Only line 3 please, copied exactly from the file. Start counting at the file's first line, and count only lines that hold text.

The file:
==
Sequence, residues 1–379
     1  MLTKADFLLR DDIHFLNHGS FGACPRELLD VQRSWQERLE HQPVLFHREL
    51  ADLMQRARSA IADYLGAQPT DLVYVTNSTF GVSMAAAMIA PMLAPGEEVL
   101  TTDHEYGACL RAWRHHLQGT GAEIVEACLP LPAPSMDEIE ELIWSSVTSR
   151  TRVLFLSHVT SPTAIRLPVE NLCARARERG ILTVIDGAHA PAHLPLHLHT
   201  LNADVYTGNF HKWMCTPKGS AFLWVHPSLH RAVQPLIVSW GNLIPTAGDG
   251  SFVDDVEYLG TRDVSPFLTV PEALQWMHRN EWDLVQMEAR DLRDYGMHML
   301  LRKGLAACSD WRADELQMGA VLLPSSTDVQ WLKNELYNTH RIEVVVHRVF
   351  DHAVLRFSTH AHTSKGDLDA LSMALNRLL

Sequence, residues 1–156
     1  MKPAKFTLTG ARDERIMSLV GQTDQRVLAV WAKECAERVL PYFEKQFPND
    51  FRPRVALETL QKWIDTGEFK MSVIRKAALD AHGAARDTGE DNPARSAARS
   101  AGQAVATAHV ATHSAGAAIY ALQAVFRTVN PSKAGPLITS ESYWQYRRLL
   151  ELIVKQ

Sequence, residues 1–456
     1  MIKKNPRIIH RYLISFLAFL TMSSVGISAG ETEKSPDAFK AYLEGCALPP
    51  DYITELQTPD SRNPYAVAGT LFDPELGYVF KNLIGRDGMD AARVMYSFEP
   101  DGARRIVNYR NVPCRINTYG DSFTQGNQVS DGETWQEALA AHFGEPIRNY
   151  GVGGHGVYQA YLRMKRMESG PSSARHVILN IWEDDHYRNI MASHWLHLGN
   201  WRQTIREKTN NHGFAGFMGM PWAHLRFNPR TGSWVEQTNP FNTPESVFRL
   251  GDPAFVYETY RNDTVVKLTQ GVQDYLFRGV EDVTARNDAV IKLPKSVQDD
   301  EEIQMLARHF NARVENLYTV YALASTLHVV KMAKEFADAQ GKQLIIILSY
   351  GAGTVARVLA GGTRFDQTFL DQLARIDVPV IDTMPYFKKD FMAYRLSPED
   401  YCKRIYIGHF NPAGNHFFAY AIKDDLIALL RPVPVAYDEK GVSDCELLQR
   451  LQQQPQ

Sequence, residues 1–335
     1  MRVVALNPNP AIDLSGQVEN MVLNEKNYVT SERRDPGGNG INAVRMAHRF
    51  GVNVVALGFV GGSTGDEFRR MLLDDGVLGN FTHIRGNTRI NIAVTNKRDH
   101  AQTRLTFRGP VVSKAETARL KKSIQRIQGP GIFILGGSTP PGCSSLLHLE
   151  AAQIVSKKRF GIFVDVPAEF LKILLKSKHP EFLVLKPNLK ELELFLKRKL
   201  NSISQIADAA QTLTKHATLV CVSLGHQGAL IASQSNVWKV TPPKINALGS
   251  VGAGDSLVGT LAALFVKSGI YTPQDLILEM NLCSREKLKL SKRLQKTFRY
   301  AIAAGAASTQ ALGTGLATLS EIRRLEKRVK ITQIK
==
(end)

    51  ADLMQRARSA IADYLGAQPT DLVYVTNSTF GVSMAAAMIA PMLAPGEEVL